DO NOT FORGET that this state is the home of Bill Frist, who will do whatever he has to do to ensure massive fundage for Tennessee from the national GOP. This goes double since he's got 2008 aspirations.
In short, I think this is a really long shot. Y'all go on and get excited about it, because miracles do happen, but it'd take a major scandal on the part of the state GOP to blow this out of the water for either Ed Bryant or Corker. It would have helped had Kerry run a real campaign here - see the "Tennessee has voted for every Presidential winner since 1960" maxim - but no amount of entreaties to the national staff would make them see this as a state in play. So in a way the national party reaps what it sows here.
A few clarifying details...
The state AFL-CIO has endorsed Ford, but they're still pissed at Bredesen, so that'll most likely cut back on what they're willing to do for the joint ticket.
Nashville is the state capital, so much of what makes the news here about state doings affects local turnout.
Memphis, three hours west, is the largest city in the state, at about twice the size of Nashville. It's also where Harold Ford is from; Bredesen is from Nashville; there's a historic rivalry between the two cities, tho it's usually not bad enough to stop Democrats in either city from turning out to vote for the guy from the other town (and I do mean guy. Tennessee ranks 49 out of the 50 states for women's participation in politics, with a whopping 14% of our state House and Senate being women. This is just not a progressive state - and the state Democratic Party is partly to blame for that, since they don't put any premium at all on helping young, female or diverse candidates gain a toehold. The good-ol-boy network is living large here, mostly in the person of Jimmy Naifeh and some other scions in charge of the state legislature.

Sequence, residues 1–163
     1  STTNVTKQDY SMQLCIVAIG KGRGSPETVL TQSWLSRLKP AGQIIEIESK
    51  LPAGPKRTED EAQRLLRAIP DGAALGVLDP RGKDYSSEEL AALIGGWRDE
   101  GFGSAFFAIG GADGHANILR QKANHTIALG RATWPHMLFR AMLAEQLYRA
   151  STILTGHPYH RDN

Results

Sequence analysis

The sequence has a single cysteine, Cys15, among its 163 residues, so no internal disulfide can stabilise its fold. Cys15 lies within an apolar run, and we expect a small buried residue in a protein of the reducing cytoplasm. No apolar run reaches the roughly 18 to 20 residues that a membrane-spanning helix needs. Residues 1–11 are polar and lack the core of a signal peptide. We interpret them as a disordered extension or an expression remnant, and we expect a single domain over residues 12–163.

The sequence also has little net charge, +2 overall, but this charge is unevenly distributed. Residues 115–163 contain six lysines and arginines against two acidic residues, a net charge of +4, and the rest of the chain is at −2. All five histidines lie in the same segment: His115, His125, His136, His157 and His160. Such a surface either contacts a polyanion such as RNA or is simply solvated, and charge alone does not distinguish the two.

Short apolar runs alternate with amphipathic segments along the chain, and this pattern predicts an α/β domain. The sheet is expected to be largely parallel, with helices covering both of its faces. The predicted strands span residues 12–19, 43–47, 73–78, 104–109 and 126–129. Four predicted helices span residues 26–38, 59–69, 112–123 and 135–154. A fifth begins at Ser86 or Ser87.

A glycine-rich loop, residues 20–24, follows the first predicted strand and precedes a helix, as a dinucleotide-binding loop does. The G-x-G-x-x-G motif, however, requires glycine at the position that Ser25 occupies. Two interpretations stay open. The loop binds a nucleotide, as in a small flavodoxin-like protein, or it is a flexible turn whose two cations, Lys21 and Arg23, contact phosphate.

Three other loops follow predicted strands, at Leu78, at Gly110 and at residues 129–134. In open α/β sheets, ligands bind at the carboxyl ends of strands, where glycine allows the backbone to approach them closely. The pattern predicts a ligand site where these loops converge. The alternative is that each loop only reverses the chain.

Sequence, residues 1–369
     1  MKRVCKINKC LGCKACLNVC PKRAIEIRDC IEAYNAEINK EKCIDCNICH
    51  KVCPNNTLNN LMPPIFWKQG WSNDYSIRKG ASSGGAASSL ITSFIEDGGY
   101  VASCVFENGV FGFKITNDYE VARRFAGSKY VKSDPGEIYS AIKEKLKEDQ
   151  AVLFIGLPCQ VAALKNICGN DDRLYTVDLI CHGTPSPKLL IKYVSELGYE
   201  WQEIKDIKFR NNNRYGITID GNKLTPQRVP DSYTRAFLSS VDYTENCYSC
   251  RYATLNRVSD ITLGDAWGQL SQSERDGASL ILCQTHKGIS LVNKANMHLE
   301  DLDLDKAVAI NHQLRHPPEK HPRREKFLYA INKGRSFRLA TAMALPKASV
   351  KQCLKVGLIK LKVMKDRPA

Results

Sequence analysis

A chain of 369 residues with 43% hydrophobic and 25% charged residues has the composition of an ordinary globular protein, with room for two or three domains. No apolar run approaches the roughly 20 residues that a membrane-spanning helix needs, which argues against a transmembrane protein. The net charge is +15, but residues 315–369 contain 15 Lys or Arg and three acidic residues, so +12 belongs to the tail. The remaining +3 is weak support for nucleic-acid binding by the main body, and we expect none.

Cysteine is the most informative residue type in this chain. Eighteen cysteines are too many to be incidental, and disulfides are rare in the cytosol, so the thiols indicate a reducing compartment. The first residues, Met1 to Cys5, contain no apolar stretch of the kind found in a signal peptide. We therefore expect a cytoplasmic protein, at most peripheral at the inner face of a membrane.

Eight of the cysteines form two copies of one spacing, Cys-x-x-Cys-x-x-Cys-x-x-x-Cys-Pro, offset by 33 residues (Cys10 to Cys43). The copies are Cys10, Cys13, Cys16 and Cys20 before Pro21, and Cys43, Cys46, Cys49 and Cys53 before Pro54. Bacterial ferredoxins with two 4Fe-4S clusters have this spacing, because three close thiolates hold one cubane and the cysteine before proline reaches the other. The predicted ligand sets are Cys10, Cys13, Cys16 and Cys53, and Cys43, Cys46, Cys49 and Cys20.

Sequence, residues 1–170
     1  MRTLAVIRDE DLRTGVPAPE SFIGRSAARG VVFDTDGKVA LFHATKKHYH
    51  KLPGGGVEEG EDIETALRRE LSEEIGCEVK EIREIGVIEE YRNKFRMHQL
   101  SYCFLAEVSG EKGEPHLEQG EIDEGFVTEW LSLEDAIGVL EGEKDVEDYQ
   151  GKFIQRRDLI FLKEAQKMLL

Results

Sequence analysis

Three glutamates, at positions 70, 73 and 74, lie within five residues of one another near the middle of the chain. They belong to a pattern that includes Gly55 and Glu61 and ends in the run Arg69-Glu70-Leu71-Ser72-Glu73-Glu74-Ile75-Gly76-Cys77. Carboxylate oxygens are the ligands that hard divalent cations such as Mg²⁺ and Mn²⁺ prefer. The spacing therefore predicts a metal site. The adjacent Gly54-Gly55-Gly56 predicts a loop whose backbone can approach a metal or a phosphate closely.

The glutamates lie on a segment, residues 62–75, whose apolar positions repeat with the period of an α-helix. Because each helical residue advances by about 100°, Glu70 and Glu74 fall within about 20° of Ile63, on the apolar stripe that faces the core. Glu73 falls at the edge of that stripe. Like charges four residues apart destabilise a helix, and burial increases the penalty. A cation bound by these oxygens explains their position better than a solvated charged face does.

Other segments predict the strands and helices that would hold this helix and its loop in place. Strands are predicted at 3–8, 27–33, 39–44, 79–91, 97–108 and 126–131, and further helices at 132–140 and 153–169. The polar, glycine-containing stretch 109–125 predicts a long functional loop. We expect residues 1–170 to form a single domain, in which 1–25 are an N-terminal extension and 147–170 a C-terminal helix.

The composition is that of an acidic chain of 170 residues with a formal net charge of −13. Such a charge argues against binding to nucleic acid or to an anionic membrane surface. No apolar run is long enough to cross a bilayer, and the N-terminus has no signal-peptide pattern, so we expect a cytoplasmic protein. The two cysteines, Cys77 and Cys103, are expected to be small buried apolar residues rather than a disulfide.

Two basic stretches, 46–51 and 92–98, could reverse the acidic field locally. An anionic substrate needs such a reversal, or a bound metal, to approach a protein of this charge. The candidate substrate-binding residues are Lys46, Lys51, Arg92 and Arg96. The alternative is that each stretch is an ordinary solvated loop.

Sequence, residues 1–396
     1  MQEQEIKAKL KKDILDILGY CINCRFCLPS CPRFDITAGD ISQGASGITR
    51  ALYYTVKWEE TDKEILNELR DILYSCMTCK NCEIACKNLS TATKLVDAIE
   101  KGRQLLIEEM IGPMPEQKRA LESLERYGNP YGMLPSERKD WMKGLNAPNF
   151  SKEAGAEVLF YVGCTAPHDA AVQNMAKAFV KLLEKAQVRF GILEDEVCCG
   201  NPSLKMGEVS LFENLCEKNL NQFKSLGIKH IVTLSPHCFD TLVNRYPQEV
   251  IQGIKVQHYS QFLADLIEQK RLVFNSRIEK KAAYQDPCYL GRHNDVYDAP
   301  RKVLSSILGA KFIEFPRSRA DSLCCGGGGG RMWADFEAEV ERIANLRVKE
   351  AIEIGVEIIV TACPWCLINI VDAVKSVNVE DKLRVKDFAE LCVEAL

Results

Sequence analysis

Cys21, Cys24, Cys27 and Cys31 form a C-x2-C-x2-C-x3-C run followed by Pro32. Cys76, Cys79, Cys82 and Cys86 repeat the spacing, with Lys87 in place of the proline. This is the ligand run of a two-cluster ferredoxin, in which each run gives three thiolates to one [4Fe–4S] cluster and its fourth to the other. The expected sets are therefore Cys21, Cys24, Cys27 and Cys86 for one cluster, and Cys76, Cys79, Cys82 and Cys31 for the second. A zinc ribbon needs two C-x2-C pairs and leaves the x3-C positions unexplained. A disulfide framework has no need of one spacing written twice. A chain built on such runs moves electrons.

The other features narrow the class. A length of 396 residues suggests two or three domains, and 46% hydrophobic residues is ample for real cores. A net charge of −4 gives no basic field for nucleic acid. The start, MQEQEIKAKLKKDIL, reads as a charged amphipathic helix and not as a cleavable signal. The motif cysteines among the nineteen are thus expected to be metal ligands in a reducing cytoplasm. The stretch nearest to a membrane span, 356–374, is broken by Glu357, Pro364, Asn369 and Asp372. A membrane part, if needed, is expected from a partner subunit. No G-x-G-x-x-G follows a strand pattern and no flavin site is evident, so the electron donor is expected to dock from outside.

State Sen. Rosalind Kurita, Harold Ford's primary opponent, has been in the Senate for a dozen years - she's got plenty of experience and is a credible candidate. The state Party has held several events without even inviting her. It's been a foregone conclusion Ford would be the nominee, I suspect due to his status as a national party darling. However, you'd think SOMEBODY in the state Democratic power structure would care this state has never had a woman governor, or senator...only four women have ever served in Congress from here, and the only one who's in now is ultraconservative Marsha Blackburn. It's just repugnant.)
p.s. I neglected to mention another kiss of death: the Tennessee legislature is seriously considering the purchase of Diebold voting machines. My beloved Davidson County (Nashville) is considering ES&S, implicated in the Ohio 2004 debacle.
Yep. Some days it's just hard to get up with too much enthusiasm for anything happening here...